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Abstract or Description
This thesis investigates the implementation of a biologically plausible navigation system on a mobile robot platform for the dual purpose of furthering robot navigation research and understanding of biological navigation systems. The aim of this work is to take steps towards bridging the broad gulf that exists between robot navigation research and biological navigation research and modelling.
This dissertation reviews the extensive literature in three diverse fields of research; biological studies of animal navigation, computational modelling of animal navigation and robot navigation research. In particular, this thesis focuses on studies of rats with an emphasis on their cognitive navigation abilities. The hippocampus, which forms a large portion of the rat cerebral cortex, is believed to play a central role in the rat’s spatial navigation mechanisms and forms the primary focus of this thesis.
Studies on the rat hippocampus, while the animals perform free spatial navigation tasks, have begun to reveal an increasingly detailed picture of how rats represent their location within the world. In particular, it appears that rats have separate representations that encode their spatial location and orientation in a world centred context independent of reward conditions. Most results indicate that these spatial representations are formed through the integration of ideothetic movement information, called path integration, with sensory stimuli. Indeed, it seems that the animals predominantly use ideothetic mechanisms to update their spatial representations and rely on sensory stimuli to correct for the inevitable error that accumulates.
Numerous models of rat navigation, based on the observed biological results, have been proposed with varying degrees of simulation. In general, no model is complete, or comprehensive, in the sense that it addresses all the implementation issues in a systematic and realistic manner. In contrast, successful robot navigation systems, by necessity, do address all the implementation issues. This thesis represents an attempt at implementing a rat navigation model on a real robot platform with an eye for developing an autonomous system.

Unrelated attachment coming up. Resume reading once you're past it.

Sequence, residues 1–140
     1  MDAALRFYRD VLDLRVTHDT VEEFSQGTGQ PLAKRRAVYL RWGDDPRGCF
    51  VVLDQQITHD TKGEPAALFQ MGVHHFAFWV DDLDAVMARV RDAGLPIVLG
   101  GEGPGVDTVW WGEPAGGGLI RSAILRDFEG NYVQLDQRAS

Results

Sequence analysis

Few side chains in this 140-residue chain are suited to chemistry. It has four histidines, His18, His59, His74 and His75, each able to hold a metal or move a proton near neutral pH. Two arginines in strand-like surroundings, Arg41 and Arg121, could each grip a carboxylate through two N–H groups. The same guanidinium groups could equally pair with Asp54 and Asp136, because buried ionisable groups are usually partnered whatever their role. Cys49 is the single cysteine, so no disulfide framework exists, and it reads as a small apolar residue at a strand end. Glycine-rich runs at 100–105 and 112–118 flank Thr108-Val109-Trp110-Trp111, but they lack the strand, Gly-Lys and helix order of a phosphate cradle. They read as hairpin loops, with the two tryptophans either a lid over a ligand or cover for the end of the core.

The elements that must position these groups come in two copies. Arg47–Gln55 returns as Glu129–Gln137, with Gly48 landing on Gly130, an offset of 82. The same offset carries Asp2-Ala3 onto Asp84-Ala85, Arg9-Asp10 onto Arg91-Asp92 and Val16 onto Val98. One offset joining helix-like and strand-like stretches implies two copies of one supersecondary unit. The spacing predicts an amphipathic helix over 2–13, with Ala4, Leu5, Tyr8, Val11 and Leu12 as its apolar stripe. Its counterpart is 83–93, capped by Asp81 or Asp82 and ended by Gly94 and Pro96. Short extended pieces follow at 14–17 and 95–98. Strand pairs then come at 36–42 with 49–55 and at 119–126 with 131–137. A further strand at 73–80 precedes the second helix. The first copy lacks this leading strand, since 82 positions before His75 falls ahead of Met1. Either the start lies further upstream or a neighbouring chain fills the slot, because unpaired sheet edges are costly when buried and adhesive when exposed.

The VIPER robot was custom built for this task and represents a semipowerful, general purpose, robot platform with monocular vision as the primary sensor. This thesis describes and validates, the navigation architecture developed for the VIPER robot. The system takes a holistic approach with the underlying guide of biological plausibility and autonomous operation. This thesis reports on the investigations into reactive navigation and high-speed reactive navigation along with investigations into place and goal memory systems. In all cases, the investigations focused on pragmatic biologically plausibility. That is, biological plausibility without compromising the computational performance, or autonomy of the system. Hence, the robot operates in an autonomous manner in real-time for all the investigations reported in this dissertation.
Many of the robot investigations proved highly successful, however, due to time constraints it was not possible to achieve the full aim of the project and make the system completely autonomous. Moreover, some of the system components proved only semi-reliable. Where the navigation system is incomplete, or not totally successful, preliminary investigations of better mechanisms were carried and are reported in this dissertation. Thus, while this thesis in itself does not bridge the gap between biology and robotics it represents a significant step towards that direction.